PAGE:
Nothing is really gained from "leaving the rooks behind" and riding all your experienced people. Could the FF in question use an attitude check? I think so. But should the dept. in question review it's training policies? I think so, too.

    Mike Daftarian, 1LT, USAF
    354 FS
    Davis-Monthan AFB, AZ

    [ 08-26-2001: Message edited by: M. Daftarian ]

    [ 08-26-2001: Message edited by: M. Daftarian ]

    Leave a comment:


  • Don Delancey
    replied
    Our probies dont get on a truck until they have completed ff3 up here in this dept. No exceptions! You dont train you dont ride the train its pretty simple! A warm body that has not got the proper training has no business being on the fire ground in any tactical position. The fire ground is not a training session folks, this is the real thing, anything short of is what we read about in the LODD. You guys that get bumped off of rigs for the guys with more experence don't take it personaly you will get your turn, hang in there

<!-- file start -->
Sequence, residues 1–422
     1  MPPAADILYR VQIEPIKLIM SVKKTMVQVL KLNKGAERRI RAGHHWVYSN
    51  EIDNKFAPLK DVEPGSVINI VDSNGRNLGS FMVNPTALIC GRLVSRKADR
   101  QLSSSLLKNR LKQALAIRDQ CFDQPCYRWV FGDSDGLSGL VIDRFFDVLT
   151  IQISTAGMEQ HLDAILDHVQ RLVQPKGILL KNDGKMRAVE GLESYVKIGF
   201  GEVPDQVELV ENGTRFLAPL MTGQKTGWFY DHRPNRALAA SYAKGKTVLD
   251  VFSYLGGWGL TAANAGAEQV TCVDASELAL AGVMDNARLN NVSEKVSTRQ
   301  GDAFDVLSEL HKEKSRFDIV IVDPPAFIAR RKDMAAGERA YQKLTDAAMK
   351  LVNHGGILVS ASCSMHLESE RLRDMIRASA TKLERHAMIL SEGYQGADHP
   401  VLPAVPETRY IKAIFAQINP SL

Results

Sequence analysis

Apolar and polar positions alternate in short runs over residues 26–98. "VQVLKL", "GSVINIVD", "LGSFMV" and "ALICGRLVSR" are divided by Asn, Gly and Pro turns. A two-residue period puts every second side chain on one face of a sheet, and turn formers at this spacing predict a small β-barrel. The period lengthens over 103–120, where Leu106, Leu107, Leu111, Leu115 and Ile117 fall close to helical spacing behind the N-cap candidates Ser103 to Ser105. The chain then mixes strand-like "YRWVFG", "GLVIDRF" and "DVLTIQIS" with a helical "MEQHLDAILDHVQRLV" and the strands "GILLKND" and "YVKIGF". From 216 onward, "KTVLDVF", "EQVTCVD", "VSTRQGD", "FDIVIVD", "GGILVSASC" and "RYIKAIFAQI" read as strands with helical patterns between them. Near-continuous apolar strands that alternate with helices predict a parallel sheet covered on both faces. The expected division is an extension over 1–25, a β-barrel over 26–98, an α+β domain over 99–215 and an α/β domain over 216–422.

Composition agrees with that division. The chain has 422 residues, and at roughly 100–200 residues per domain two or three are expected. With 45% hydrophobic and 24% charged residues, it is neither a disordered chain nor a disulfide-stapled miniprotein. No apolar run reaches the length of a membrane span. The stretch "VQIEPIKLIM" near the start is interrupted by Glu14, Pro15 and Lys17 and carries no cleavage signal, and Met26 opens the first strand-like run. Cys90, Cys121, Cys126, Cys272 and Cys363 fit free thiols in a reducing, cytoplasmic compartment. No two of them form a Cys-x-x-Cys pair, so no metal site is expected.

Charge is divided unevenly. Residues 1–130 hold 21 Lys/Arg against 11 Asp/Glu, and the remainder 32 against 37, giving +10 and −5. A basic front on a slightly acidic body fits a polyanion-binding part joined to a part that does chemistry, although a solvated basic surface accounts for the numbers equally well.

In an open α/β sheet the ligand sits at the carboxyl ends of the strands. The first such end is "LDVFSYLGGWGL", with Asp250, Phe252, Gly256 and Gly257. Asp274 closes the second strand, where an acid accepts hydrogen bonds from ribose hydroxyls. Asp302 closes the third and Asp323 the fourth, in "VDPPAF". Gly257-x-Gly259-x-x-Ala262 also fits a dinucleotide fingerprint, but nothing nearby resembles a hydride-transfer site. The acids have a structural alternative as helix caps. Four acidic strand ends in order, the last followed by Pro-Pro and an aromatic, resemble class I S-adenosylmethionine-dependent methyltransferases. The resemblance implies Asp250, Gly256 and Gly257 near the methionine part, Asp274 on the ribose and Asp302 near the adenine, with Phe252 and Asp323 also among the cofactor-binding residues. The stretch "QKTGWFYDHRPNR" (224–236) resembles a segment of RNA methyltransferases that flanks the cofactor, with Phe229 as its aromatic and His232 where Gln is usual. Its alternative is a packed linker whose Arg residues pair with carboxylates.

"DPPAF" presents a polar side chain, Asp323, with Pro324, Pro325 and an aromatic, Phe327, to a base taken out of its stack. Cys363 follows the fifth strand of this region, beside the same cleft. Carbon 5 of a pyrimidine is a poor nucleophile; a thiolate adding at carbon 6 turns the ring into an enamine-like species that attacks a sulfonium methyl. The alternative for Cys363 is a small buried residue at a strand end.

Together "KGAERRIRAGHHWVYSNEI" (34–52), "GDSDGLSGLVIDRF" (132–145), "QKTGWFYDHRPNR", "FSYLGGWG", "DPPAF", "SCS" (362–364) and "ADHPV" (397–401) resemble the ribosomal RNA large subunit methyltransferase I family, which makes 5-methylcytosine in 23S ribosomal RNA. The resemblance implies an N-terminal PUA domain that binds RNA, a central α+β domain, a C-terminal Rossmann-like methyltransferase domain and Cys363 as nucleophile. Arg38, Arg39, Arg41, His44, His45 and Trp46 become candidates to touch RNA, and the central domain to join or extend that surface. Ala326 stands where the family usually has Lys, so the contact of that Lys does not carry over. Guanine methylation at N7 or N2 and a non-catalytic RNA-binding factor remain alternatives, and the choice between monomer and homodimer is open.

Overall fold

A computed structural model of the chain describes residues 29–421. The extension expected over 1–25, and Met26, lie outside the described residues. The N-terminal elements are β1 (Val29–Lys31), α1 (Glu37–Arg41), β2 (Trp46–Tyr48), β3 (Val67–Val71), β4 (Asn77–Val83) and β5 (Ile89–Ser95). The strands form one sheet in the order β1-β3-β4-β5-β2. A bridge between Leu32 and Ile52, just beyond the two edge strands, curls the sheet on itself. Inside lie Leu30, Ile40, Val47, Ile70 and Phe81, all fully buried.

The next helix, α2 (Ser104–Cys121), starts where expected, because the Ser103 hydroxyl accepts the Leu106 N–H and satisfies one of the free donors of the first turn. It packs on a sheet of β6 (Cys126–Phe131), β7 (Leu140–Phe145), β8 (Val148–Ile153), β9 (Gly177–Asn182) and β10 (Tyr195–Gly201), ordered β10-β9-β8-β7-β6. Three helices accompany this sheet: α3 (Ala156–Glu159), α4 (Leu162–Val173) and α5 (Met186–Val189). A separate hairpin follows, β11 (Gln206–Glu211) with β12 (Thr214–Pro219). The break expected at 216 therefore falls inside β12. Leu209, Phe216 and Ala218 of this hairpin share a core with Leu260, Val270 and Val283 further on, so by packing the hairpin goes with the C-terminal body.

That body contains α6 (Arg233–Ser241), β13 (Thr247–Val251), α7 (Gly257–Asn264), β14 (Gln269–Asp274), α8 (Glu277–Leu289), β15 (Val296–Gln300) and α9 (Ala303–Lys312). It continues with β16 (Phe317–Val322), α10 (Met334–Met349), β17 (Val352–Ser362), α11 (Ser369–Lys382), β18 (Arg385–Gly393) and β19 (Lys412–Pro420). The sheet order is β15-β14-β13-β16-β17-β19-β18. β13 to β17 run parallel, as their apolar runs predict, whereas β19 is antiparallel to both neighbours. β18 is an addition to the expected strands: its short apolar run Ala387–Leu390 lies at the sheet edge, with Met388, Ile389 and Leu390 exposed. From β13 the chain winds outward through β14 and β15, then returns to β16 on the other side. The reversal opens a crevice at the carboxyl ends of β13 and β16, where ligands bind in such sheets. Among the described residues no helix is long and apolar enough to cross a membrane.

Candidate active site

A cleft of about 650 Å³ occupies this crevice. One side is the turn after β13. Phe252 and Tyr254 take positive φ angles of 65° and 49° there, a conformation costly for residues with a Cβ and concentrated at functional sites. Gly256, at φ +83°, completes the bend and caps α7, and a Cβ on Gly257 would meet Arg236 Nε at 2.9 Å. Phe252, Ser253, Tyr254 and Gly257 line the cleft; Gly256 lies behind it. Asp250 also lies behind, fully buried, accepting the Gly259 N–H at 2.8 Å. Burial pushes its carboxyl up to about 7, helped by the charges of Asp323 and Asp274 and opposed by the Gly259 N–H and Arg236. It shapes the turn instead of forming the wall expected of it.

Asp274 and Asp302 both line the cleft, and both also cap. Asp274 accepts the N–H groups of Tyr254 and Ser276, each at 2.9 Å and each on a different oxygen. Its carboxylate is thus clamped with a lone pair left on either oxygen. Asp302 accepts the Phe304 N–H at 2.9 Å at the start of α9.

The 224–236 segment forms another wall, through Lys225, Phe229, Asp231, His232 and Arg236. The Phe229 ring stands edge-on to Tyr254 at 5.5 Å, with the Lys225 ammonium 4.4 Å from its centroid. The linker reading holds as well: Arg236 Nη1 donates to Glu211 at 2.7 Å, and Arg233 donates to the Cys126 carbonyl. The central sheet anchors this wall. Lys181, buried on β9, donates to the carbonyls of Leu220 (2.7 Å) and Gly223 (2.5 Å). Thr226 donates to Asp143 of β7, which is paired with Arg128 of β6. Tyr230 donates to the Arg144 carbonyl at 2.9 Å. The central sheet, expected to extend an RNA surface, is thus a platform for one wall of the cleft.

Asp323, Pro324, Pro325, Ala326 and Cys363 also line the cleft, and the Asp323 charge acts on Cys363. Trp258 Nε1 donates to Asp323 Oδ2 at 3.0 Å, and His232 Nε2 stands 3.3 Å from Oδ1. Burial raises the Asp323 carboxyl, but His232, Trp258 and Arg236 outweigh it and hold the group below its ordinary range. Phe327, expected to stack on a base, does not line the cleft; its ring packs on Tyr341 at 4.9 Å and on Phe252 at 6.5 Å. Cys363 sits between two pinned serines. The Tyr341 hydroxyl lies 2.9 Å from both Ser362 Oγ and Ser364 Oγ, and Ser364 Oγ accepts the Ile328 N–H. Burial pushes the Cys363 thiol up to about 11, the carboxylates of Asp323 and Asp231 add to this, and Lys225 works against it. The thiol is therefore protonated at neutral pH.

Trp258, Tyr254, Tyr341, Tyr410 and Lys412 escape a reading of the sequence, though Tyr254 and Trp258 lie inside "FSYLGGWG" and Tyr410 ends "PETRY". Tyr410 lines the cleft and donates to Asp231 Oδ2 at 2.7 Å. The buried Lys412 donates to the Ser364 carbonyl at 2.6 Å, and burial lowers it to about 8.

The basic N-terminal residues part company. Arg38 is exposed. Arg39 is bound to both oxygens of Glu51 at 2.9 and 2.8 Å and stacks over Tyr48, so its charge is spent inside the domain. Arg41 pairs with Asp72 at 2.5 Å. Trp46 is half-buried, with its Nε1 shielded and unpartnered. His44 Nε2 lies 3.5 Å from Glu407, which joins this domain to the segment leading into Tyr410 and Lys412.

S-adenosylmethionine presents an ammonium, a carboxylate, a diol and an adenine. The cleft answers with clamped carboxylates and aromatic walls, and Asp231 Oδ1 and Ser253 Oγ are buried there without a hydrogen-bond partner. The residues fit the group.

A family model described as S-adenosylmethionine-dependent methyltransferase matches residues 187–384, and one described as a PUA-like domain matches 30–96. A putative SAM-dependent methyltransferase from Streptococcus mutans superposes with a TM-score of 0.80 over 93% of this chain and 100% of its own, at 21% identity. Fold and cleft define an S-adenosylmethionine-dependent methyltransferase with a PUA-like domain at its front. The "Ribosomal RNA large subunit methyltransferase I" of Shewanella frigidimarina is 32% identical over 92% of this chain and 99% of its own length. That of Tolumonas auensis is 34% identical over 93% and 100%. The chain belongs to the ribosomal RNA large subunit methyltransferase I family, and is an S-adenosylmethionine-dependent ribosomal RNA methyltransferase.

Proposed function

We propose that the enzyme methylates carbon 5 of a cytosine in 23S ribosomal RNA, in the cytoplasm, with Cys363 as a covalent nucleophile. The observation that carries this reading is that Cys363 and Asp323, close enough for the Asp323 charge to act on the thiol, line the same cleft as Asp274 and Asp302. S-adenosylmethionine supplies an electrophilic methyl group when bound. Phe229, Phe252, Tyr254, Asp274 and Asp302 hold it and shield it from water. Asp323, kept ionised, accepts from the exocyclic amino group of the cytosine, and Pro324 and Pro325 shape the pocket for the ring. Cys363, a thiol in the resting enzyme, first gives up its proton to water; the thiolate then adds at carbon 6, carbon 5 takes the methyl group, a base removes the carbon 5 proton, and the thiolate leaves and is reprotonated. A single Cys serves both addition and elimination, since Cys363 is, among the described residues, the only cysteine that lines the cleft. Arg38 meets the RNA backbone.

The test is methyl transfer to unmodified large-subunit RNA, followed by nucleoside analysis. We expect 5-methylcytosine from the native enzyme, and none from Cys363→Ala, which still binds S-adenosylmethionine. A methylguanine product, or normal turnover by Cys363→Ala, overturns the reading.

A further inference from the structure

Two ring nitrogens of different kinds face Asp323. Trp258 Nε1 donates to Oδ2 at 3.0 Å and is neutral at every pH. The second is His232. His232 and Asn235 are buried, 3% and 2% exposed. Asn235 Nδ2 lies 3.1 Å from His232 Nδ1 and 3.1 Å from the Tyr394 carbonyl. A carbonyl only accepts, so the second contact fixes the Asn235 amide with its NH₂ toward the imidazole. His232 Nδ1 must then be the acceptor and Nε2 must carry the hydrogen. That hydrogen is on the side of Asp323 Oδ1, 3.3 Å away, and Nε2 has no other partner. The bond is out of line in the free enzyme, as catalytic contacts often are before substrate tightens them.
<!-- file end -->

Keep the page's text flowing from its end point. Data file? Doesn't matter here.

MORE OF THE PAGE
Leave a comment:


  • soggybottom
    replied
    Our dept. responds to the scene in our own vehicals, while the full time officer takes the pumper. Once on the scene he decides who does what. The most experenced and trained f.f. do the interior work. The new people rack and gofor. If they dont like doing the grunt work then they have to work hard on the traing.

    Good Luck and KEEP SAFE.

    Leave a comment:


  • JackTars
    replied
    Greetings Brothers: